Paul Graham says,

Most organizations who hire people right out of college are only aware of the average value of 22 year olds, which is not that high…

The most productive young people will always be undervalued by large organizations, because the young have no performance to measure yet, and any error in guessing their ability will tend toward the mean.

His point is that if you are exceptional and young, you should start your own business. That way, you will get more than an average reward.

Graham and I think alike on many issues. Several of the ideas in his talk mirror those in my book on starting a business, Under the Radar. Graham also did a great deal to promote Bayesian spam filters, something that I advocated also. I use a Graham-inspired filter called Popfile.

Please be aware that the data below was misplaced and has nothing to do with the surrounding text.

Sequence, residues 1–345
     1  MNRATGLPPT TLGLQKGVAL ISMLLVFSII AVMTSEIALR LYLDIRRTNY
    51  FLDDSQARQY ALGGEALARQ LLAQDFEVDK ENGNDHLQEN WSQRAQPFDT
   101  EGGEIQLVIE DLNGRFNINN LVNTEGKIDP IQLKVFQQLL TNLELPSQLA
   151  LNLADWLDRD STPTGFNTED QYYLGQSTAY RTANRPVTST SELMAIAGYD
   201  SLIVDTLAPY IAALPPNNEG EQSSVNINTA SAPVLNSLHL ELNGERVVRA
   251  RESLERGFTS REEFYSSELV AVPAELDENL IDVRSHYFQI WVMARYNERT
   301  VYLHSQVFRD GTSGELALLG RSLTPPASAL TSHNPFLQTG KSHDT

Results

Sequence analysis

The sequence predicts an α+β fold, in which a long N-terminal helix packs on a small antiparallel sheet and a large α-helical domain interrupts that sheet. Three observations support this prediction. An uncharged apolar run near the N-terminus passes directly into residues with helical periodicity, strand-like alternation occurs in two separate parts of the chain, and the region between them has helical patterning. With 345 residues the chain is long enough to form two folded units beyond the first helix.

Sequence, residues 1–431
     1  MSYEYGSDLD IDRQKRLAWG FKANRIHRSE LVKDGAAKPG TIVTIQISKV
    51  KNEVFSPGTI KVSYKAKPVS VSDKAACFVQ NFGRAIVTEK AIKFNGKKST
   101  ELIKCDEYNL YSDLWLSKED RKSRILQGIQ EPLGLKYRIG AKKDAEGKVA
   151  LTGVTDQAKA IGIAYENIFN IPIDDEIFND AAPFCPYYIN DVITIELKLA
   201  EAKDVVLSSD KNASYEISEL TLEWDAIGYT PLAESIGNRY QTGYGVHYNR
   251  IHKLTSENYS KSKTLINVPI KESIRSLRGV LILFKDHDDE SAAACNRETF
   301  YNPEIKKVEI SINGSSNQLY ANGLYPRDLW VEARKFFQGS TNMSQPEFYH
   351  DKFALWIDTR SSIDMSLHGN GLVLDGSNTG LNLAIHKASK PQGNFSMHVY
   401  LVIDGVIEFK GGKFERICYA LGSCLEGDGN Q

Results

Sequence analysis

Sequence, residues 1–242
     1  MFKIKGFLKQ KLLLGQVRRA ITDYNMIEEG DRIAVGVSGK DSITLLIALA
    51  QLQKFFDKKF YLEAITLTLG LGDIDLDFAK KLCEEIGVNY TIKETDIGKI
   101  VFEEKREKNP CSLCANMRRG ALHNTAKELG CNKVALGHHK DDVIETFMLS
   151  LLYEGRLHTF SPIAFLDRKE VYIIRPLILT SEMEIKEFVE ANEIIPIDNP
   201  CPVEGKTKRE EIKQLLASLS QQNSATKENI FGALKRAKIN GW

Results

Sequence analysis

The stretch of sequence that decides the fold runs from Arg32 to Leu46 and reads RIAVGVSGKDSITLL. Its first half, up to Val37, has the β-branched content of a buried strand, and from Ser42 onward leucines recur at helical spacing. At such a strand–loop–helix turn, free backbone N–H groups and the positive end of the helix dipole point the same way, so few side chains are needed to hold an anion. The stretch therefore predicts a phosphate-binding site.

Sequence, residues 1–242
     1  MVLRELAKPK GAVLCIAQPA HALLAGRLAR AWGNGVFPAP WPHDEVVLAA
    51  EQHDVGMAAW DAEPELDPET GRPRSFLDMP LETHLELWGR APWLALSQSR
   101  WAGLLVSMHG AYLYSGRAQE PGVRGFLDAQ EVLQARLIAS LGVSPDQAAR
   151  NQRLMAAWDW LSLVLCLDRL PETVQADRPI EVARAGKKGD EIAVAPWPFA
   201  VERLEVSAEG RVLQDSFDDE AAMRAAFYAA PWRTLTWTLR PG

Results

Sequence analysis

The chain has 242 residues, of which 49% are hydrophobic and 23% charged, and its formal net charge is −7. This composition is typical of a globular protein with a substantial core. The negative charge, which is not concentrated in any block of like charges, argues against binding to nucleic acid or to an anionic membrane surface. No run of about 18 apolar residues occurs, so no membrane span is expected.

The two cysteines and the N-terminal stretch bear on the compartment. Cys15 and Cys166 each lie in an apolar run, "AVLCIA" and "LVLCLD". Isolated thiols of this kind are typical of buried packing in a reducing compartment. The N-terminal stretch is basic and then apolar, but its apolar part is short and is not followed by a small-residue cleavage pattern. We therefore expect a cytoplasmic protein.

One of Graham’s points is that young people need experience in figuring out what customers want. In my book, I call this “learning by selling.”

Learning comes from taking on challenges. Entrepreneurship is a constant, in-your-face challenge. Relative to that, college is a stroll in the park.

As Graham points out, the cost of starting a business is plummeting. Given that college expenses are going the other way, the learning-to-cost ratio has shifted in favor of entrepreneurship over college.

Thanks to Michael Mandel for the pointer.

For Discussion. As a parent, could you convince yourself that investing $15,000 in helping your 18-year-old start a business is a reasonable “tuition” payment?